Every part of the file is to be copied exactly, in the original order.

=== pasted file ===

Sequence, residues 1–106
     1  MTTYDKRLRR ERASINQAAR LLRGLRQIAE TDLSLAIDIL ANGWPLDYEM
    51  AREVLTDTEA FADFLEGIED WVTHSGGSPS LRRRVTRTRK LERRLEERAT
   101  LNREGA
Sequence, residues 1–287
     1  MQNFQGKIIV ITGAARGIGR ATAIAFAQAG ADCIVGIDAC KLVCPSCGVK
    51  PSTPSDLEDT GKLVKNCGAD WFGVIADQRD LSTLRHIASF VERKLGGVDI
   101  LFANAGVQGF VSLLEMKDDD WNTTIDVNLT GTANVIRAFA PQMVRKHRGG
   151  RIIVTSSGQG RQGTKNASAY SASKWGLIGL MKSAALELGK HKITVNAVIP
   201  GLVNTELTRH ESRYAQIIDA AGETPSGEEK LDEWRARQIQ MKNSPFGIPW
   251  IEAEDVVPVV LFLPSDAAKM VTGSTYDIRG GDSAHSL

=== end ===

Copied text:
Sequence, residues 1–106
     1  MTTYDKRLRR ERASINQAAR LLRGLRQIAE TDLSLAIDIL ANGWPLDYEM
    51  AREVLTDTEA FADFLEGIED WVTHSGGSPS LRRRVTRTRK LERRLEERAT
   101  LNREGA
Sequence, residues 1–287
     1  MQNFQGKIIV ITGAARGIGR ATAIAFAQAG ADCIVGIDAC KLVCPSCGVK
    51  PSTPSDLEDT GKLVKNCGAD WFGVIADQRD LSTLRHIASF VERKLGGVDI
   101  LFANAGVQGF VSLLEMKDDD WNTTIDVNLT GTANVIRAFA PQMVRKHRGG
   151  RIIVTSSGQG RQGTKNASAY SASKWGLIGL MKSAALELGK HKITVNAVIP
   201  GLVNTELTRH ESRYAQIIDA AGETPSGEEK LDEWRARQIQ MKNSPFGIPW
   251  IEAEDVVPVV LFLPSDAAKM VTGSTYDIRG GDSAHSL